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Future Shock

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Future Shock
AuthorAlvin Toffler
SubjectSocial Sciences
PublisherRandom House
Publication date
Publication placeUnited States
Media typePrint (hardback & paperback)
ISBN0-394-42586-3 (original hardcover)
Followed byThe Third Wave 

Future Shock is a 1970 book by American futurist Alvin Toffler,[1] written together with his spouse Adelaide Farrell,[2][3] in which the authors define the term "future shock" as a certain psychological state of individuals and entire societies. The shortest definition for the term in the book is a personal perception of "too much change in too short a period of time". The book, which became an international bestseller, has sold over 6 million copies and has been widely translated.

The book grew out of an article "The Future as a Way of Life" in Horizon magazine, Summer 1965 issue.[4][5][6][7]

Major themes[edit]

Future shock[edit]

Alvin Toffler argued that society is undergoing an enormous structural change, a revolution from an industrial society to a "super-industrial society". This change overwhelms people. He argues that the accelerated rate of technological and social change leaves people disconnected and suffering from "shattering stress and disorientation"—future shocked. Toffler stated that the majority of social problems are symptoms of future shock. In his discussion of the components of such shock he popularized the term "information overload."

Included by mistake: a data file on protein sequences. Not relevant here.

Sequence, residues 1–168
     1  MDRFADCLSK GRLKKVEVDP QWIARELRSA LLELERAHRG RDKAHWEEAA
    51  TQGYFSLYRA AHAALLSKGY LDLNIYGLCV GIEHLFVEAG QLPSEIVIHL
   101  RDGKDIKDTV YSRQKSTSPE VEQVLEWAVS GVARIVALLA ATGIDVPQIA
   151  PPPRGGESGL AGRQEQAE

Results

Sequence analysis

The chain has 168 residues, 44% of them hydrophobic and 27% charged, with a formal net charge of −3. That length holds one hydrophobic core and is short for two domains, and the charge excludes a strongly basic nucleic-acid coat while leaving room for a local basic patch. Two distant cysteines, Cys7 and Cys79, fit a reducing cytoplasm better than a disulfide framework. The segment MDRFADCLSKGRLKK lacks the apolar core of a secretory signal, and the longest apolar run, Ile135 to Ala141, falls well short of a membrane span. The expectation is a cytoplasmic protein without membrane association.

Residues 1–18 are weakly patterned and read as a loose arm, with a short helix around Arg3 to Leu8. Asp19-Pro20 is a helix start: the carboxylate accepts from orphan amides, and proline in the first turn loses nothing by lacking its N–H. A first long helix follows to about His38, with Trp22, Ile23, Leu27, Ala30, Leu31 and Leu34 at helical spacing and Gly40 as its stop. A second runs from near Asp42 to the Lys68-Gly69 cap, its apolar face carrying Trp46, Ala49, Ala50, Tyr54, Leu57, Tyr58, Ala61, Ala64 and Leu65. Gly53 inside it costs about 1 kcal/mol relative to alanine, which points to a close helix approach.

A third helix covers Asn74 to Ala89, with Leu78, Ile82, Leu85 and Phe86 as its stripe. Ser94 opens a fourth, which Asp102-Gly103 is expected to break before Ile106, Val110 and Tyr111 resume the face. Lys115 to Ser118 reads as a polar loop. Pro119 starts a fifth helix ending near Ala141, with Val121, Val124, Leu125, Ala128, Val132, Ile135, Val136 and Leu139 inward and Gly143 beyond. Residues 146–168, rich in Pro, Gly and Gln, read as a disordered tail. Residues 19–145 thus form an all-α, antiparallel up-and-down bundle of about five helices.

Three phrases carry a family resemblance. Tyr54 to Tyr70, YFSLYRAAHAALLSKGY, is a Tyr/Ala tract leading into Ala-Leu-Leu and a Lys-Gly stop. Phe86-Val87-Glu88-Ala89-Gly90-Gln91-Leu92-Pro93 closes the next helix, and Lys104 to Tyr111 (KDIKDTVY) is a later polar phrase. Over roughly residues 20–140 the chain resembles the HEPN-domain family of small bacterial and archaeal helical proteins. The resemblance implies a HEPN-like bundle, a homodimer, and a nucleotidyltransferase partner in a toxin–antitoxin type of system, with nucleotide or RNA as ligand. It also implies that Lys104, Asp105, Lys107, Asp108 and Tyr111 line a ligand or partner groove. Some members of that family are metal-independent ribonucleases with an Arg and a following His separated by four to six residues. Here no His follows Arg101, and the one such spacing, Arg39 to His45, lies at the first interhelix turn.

This analysis of the phenomenon of information overload is continued in later publications, especially The Third Wave and Powershift.

In the introduction to an essay titled "Future Shock" in his book, Conscientious Objections, Neil Postman wrote:

Sometime about the middle of 1963, my colleague Charles Weingartner and I delivered in tandem an address to the National Council of Teachers of English. In that address we used the phrase "future shock" as a way of describing the social paralysis induced by rapid technological change. To my knowledge, Weingartner and I were the first people ever to use it in a public forum. Of course, neither Weingartner nor I had the brains to write a book called Future Shock, and all due credit goes to Alvin Toffler for having recognized a good phrase when one came along. (p. 162)

Development of society and production[edit]

Alvin Toffler distinguished three stages in development of society and production: agrarian, industrial and post-industrial.

Each of these waves develops its own "super-ideology” in order to explain reality. This ideology affects all the spheres which make up a civilization phase: technology, social patterns, information patterns, and power patterns.

The first stage began in the period of the Neolithic Era with the advent of agriculture, thereby passing from barbarity to a civilization. A large number of people acted as prosumers (eating their grown food, hunting animals, building their own houses, making clothes,....). People traded by exchanging their own goods for commodities of others. The second stage began in England with the Industrial Revolution with the invention of the machine tool and the steam engine. People worked in factories to make money they could spend on goods they needed (it means they produced for exchange, not for use). Countries also created new social systems. The third stage began in the second half of the 20th century in the West when people invented automatic production, robotics and the computer. The services sector attained great value.